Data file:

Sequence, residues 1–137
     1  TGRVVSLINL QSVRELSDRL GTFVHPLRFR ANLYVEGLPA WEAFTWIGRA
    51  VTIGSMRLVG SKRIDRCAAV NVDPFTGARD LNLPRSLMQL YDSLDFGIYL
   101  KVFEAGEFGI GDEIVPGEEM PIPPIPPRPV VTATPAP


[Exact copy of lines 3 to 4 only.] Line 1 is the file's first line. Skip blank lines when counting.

    51  VTIGSMRLVG SKRIDRCAAV NVDPFTGARD LNLPRSLMQL YDSLDFGIYL
   101  KVFEAGEFGI GDEIVPGEEM PIPPIPPRPV VTATPAP